What did the internees bring with them? - Most of the transports only arrived with the clothes they had on. Everyone starting from Auschwitz had another suit and two blankets, but owing to the long distances they had to march the prisoners got rid of them by dropping them near the road. The hundred or two blankets I had were of no importance for the thousands of prisoners I received.

How many cookhouses were there for the whole of Camp No. 1? - Two cookhouses in the men's camp, two in the women's camp and one in front of the women's camp. We could only do enough cooking by cooking two or three times for every meal.

Did anything particular happen in February? - The transports coming from the labour camp at Natzweiler brought spotted fever and those coming from Eastern Germany brought typhus. After Dr. Horstmann had reported spotted fever to me I ordered the camp to be closed and reported to Berlin what I had done. In reply I was told that the camp was to be re - opened, that I had to take all the transports that were going to arrive, and that 2500 women were to be taken in from Ravensbrück I wrote a letter to Gruppenführer Glücks in Berlin expressing dissatisfaction with the conditions at the end of February. This letter was sent by private courier, and towards the end of March we received a visit of inspection from Obergruppenführer Pohl (Exhibit No. 121 ).

Major WINWOOD - This letter addressed to the Head of Department D in S.S. Administration Department, S.S. Gruppenführer Glücks, Oranienburg, is headed "Bergen-Belsen, 1st March, 1945," and reads: " Gruppenführer, it has been my intention for a long time past to seek an interview with you in order to describe the present conditions here. As service conditions make this impossible I should like to submit a written report on the impossible state of affairs and ask for your support.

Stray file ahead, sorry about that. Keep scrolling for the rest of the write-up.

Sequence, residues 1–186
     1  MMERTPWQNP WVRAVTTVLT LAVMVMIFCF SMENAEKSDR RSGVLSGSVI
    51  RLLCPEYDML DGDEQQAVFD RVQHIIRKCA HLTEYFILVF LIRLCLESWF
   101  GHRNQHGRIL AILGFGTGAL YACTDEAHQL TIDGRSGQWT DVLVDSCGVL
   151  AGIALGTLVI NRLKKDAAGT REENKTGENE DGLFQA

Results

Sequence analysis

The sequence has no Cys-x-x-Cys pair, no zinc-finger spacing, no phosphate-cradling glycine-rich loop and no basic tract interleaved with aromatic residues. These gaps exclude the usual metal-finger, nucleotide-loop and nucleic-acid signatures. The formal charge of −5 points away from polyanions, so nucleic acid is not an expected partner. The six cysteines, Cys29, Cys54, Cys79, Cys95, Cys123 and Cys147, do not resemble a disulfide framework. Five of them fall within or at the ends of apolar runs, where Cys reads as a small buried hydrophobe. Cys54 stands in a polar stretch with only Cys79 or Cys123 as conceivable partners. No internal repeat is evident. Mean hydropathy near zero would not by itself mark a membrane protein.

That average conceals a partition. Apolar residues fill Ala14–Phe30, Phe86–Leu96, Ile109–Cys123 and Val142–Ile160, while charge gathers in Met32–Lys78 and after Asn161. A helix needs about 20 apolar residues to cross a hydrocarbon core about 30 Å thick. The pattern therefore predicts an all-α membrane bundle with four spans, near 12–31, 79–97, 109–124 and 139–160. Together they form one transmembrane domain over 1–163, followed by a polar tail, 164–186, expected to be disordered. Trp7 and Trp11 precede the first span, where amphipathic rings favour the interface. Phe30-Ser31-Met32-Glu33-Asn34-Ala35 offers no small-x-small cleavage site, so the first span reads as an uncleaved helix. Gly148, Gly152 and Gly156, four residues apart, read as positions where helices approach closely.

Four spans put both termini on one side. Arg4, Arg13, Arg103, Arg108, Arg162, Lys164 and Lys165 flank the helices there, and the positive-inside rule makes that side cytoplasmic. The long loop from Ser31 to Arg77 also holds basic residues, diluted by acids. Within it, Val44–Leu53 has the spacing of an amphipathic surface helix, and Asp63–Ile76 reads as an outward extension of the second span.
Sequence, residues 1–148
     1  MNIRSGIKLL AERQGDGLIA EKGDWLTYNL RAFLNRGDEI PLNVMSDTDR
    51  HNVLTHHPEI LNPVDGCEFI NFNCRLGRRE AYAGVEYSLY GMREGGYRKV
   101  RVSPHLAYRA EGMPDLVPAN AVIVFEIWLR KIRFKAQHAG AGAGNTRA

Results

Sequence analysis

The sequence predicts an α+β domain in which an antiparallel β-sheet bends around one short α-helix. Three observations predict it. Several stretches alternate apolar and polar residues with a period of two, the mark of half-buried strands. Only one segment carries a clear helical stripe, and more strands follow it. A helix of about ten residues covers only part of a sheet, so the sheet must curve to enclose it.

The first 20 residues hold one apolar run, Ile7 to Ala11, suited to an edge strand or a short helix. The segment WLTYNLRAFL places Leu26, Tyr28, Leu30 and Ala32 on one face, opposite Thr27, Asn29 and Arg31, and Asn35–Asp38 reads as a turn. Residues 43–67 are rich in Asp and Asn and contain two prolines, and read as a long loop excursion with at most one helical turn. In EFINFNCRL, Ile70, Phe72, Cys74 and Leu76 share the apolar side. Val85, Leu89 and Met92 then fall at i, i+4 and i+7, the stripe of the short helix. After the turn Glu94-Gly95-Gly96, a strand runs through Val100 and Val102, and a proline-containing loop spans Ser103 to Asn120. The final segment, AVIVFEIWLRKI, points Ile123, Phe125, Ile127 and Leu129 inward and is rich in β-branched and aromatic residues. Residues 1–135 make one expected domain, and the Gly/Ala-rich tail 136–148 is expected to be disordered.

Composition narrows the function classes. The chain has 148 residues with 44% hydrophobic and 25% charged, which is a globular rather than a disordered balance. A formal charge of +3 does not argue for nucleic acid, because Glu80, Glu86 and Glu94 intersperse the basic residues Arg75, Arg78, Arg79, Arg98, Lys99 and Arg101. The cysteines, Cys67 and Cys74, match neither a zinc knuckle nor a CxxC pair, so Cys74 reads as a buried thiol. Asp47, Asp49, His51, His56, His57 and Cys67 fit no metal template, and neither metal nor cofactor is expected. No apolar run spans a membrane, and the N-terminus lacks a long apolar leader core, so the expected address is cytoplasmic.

"You informed me by telegram of 23rd February, 1945, that I was to receive 2500 female detainees as a first consignment from Ravensbrück. I have assured accommodation for this number. The reception of further consignments is impossible, not only from the point of view of accommodation due to lack of space, but particularly on account of the feeding question. When S.S. Stabsarztfuhrer Lolling inspected the camp at the end of January it was decided that an occupation of the camp by over 35000 detainees must be considered too great. In the meantime this number has been exceeded by 7000 and a further 6200 are at this time on their way. The consequence of this is that all barracks are overcrowded by at least 30 per cent. The detainees cannot lie down to sleep, but must sleep in a sitting position on the floor. Three-tier beds or bunks have been repeatedly allotted to the camp in recent time by Amt. B. III but always from areas with which there is no transport connection. If I had sufficient sleeping accommodation at my disposal, then the accommodation of the detainees who have already arrived and of those still to come would appear more possible. In addition to this question a spotted fever and typhus epidemic has now begun, which increases in extent every day. The daily mortality rate, which was still in the region of 60 - 70 at the beginning of February, has in the meantime attained a daily average of 250 - 300 and will still further increase in view of the conditions which at present prevail.